On Friday of last week, the United States military struck down and killed Iranian General Qasem Soleimani, leading to an outpouring of condemnation from Iran and increasingly fiery rhetoric between the country and the US. Adding to the tensions are concerns over the longevity of the 2015 nuclear deal world powers made with Iran, which the country’s leaders have said could soon be a thing of the past.
While a nuclear strike is not an imminent threat, and while Iran threatening the United States and vice versa is a decades-old story, both countries’ nuclear capabilities have brought up the question again: “how does one survive a nuclear attack?”
In the event of a nuclear strike, scientists say there are some ways to stay safe, assuming you survive the explosion itself. This isn’t to raise undue alarm, but given the situation with Iran — as well as North Korea’s repeated nuclear threats and tests — the more information you have on keeping out of harm’s way, the better.
Timing is key
Nuclear explosions cause a shock wave that can level buildings, according to the US Department of Homeland Security. The blast also causes a wave of heat that can be fatal, or cause severe burns on the skin and eyes.
If you survive the explosion, the first thing to do is to get inside, preferably underground — just doing that can reduce exposure by a factor of 10, experts say.
Timing is also key. It takes about 15 minutes for the fallout from a nuclear explosion to return to Earth, but taking as little time as possible to get inside is important, according to Michael Dillon, a scientist at the Lawrence Livermore National Laboratory.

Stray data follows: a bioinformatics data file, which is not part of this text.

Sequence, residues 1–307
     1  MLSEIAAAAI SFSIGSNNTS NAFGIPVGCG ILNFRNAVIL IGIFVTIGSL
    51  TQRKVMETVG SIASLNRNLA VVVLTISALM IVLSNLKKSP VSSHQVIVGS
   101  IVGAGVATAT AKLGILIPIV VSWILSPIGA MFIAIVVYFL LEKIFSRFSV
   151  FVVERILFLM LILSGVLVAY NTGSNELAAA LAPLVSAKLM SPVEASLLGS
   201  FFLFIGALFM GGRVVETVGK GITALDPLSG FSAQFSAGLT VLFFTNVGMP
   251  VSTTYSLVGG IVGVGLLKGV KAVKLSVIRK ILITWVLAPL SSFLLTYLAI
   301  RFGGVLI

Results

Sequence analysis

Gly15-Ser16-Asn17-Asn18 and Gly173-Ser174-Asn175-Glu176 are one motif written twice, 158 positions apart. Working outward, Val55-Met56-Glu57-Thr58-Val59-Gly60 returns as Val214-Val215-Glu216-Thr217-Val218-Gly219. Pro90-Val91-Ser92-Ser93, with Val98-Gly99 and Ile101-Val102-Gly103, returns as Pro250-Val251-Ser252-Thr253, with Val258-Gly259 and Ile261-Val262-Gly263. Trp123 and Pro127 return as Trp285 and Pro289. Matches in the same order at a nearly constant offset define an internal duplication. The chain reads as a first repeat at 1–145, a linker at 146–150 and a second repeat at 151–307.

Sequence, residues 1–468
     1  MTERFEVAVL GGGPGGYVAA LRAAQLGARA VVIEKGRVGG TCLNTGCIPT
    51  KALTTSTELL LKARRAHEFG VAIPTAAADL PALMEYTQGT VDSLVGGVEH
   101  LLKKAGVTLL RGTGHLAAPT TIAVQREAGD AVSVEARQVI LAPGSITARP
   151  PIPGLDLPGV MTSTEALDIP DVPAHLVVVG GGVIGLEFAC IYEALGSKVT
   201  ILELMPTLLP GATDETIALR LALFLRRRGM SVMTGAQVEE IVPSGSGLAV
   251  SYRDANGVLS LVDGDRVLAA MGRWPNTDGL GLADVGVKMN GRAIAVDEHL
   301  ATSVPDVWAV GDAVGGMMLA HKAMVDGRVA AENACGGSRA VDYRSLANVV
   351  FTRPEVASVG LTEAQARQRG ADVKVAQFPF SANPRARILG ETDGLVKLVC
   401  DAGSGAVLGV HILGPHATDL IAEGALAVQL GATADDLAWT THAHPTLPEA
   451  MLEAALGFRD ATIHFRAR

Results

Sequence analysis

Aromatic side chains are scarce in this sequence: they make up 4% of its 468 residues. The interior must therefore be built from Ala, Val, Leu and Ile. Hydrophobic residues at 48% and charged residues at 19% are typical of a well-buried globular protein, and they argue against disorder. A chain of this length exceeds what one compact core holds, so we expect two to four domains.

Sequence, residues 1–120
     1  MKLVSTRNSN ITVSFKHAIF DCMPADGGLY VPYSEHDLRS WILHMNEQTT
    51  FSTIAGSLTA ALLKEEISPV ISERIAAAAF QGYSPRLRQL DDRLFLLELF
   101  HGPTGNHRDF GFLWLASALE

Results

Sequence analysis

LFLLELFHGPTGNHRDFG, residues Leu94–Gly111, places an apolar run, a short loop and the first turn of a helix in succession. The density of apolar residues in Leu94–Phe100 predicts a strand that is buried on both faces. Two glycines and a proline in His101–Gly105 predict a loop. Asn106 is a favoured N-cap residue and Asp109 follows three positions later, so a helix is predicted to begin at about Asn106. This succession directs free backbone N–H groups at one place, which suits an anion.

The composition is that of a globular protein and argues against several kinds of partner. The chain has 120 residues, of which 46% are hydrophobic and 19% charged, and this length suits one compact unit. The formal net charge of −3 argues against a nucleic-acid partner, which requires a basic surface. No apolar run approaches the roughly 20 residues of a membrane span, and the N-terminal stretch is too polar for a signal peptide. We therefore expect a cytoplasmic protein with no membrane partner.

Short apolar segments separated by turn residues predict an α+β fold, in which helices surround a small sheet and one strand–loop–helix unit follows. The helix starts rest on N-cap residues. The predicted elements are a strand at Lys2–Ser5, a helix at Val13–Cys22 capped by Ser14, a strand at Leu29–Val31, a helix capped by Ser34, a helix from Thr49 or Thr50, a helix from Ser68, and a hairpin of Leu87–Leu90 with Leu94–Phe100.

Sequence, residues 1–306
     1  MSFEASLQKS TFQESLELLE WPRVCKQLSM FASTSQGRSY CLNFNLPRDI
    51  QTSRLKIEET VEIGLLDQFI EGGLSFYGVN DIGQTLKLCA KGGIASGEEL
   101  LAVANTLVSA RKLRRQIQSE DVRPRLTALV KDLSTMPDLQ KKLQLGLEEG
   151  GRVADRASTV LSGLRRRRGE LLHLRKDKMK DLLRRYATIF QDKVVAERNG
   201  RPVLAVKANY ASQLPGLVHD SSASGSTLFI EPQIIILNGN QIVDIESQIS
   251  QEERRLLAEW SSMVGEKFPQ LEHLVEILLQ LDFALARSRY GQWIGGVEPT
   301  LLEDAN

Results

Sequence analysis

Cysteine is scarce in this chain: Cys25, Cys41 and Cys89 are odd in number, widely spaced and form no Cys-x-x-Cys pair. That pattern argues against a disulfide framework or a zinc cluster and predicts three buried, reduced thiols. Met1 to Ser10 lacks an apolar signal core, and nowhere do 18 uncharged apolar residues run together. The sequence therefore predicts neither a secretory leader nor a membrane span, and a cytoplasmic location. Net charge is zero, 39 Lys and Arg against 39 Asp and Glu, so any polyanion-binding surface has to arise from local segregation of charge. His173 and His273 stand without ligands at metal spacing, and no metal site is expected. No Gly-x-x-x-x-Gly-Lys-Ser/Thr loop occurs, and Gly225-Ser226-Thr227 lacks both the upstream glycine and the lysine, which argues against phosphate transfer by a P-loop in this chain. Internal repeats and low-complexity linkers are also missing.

Dillon’s model factors in transit time and the spatial patterns of fallout radiation to pinpoint precisely when you should try to find shelter if you aren’t already in a safe zone. He worked out that if you aren’t in a safe shelter, but you can reach adequate shelter within five minutes, then you should immediately evacuate to that shelter. But if you can’t get to an adequate shelter within 15 minutes, you should wait 30 minutes after the detonation before evacuating.
Using his recommendations could save 10,000 to 100,000 lives, Dillon estimates.
Anyone who was possibly exposed to fallout should immediately remove their contaminated clothing and wash any unprotected skin. Be sure you wash your pet, too, if there’s a chance they were exposed to radiation.
The world as we know it
When factoring in any travel time, remember that damage to the area you’re in will be extreme following an explosion.
That means downed phone and power lines, gas leaks, broken water mains, and damaged roads, bridges, and tunnels, according to the US DHS. Nuclear explosions can also produce an electromagnetic pulse, which can interfere with electronic equipment. So many of the usual ways of communicating and getting around won’t be possible.
The first hour after a nuclear explosion is the most dangerous in terms of radioactivity. Radioactive elements are complex— including both short- and long-lasting isotopes — so we can only estimate the rates of radioactive decay, the DHS says.
After the first seven hours, radioactivity levels should be reduced by about 90 percent. After two days, that number falls to 99 percent.
If you’ve taken cover and are waiting in this kind of situation, pay close attention to announcements on your emergency radio, as Lifehacker reports. Stay indoors unless emergency responders tell you otherwise — that announcement will come, with details on where to go and how to get there.
But where — if anywhere — would be safe? In 2016, researchers writing in The Guardian reported that, in this situation, Antarctica would be the safest place to live on Earth. Another option would be Easter Island. But unless you are planning on moving to these remote locations any time soon, know that you can take concrete steps to protect yourself.